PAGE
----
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Answered by: Dr Sri Viknarajan
Hi doctor, I have a cousin who has irregular heart problem. He said that he has Wolf-Parkinson White syndrome. My question is the disease related to Parkinson disease and what are the treatment options for my cousin? Thank you.
Hi, thank you for your question. Wolff-parkinson-white syndrome and parkinson’s disease are two different medical conditions. Parkinson’s disease is a progressive disorder of the nervous system which affects your movement. It is not related to Wolff-parkinson-white syndrome. Signs and symptoms of parkinson’s disease include tremor, slowing of movement, stiffness, impaired balance, slurring of speech and loss of facial expression.
These symptoms develop gradually over the years and can lead to complications, such as difficulty in chewing and swallowing, cognitive problems, sleep disorders, bladder problems, constipation and depression.
Meanwhile, Wolff-parkinson-white syndrome occurs when there is an additional electrical pathyway between the chambers in your heart, which leads to irregular or rapid heartbeat. These irregular heartbeats are not life-threatening, but they may cause serious heart complications and fainting spells. Treatment of Wolff-parkinson-white syndrome will depend on the grequency and severity of the symptoms. You may not need treatment if you do not experience any symptoms. However, if you do experience symptoms, the goal of treatment is to slow down your heart rate.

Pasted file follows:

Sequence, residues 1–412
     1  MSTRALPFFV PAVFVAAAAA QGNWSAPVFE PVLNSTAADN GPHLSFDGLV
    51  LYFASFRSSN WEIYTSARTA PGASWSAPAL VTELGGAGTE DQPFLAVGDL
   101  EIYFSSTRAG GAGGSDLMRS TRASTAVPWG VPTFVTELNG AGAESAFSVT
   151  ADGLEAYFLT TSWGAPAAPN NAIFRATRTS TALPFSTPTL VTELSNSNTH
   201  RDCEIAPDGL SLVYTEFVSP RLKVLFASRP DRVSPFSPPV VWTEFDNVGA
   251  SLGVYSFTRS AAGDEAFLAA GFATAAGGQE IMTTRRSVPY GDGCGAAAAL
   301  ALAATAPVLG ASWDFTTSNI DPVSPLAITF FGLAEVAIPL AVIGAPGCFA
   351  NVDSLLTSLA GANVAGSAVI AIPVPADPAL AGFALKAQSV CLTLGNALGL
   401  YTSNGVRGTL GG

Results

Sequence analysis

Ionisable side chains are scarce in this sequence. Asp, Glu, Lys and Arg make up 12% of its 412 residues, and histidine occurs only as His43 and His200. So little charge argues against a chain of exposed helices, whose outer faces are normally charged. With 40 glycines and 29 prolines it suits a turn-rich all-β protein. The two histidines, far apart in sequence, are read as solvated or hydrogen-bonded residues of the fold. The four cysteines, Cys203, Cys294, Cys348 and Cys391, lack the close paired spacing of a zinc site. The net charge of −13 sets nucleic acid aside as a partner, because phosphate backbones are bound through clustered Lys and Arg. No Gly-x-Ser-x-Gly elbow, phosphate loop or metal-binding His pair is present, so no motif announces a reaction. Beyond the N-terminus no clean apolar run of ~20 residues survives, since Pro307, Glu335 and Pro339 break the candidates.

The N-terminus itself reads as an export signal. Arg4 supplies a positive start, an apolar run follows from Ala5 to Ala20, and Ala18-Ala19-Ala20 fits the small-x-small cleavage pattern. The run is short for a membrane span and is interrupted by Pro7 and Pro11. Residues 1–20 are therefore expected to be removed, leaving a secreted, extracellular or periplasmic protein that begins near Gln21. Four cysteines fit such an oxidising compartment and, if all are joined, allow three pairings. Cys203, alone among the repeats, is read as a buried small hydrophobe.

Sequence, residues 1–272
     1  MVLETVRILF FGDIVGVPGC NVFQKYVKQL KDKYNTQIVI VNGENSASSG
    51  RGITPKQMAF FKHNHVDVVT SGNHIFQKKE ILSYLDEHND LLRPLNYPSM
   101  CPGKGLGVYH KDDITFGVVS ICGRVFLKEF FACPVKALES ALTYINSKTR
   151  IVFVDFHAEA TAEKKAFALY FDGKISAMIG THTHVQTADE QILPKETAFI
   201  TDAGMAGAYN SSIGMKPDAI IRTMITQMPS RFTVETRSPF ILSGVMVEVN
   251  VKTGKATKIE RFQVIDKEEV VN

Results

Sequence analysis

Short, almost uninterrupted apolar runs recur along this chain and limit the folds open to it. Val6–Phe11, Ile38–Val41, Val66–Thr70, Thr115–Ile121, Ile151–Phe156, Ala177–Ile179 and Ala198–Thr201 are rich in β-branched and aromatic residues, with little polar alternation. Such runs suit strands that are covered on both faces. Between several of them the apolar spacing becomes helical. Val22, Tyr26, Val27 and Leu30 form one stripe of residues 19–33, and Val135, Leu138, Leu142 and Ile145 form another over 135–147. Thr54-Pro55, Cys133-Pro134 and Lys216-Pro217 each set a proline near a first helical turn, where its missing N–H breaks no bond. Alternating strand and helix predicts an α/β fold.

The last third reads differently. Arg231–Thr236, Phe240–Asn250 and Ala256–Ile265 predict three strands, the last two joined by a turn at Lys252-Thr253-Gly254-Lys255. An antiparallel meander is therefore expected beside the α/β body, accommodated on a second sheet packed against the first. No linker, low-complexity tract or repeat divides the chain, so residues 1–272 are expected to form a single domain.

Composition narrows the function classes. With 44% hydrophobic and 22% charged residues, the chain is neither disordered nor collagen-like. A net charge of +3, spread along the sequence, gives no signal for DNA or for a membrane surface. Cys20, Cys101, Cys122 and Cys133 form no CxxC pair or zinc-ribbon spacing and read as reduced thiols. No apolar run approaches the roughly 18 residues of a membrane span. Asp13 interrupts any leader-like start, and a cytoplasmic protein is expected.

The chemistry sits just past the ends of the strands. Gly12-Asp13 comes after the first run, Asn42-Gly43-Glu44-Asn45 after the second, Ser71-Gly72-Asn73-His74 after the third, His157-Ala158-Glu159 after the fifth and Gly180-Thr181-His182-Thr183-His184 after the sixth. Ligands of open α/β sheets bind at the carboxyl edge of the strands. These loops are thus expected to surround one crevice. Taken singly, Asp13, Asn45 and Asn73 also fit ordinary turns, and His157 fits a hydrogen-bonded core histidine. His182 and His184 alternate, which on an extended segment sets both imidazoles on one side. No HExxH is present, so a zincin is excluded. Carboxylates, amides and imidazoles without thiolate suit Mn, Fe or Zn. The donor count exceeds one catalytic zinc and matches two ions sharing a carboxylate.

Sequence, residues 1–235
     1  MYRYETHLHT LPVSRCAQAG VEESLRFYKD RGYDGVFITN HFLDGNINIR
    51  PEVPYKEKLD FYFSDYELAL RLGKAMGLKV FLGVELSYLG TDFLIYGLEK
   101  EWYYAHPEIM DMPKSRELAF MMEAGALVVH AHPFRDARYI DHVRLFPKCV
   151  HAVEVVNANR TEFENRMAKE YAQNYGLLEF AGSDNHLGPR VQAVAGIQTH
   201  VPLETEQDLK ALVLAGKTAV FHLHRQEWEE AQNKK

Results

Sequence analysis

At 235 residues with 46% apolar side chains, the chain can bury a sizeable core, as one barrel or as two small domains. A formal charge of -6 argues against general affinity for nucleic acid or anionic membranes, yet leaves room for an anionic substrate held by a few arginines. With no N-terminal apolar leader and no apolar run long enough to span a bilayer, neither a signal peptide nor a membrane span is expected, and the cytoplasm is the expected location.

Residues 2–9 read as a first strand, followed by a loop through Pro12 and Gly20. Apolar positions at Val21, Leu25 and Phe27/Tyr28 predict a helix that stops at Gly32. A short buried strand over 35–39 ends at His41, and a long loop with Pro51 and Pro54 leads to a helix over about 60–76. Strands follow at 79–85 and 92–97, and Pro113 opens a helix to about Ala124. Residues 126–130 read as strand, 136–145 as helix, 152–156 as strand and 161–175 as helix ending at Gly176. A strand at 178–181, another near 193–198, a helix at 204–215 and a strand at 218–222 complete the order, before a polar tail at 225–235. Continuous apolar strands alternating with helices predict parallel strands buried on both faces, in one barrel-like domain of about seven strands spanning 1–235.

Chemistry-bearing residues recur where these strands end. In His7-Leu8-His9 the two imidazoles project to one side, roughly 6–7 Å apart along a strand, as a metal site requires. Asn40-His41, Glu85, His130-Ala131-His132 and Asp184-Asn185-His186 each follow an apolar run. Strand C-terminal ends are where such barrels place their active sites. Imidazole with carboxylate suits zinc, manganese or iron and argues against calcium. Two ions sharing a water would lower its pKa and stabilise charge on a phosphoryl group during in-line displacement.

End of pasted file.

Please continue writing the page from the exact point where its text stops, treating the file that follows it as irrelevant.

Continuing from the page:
One of the treatments is vagal maneuvers. This involves simple actions like coughing, putting an ice pack on the face or bearing down. These actions affect the vagus nerve, which helps to regulate the heartbeat, slowing a quick heartbeat. Anti-arrhythmic medications can be used to slow the heart rate if these actions do not help.
If both these methods are not effective, you may need cardioversion. Cardioversion involves the attachment of patches on your chest to shock the heart electrically in order to restore a normal rhythm. The last type of treatment is radiofrequency catheter ablation. Catheters are passed to your heart and electrodes at the tips of the catheter are used to ablate the extra electrical pathway between the heart chambers. This will correct the heart rhythm problems permanently.
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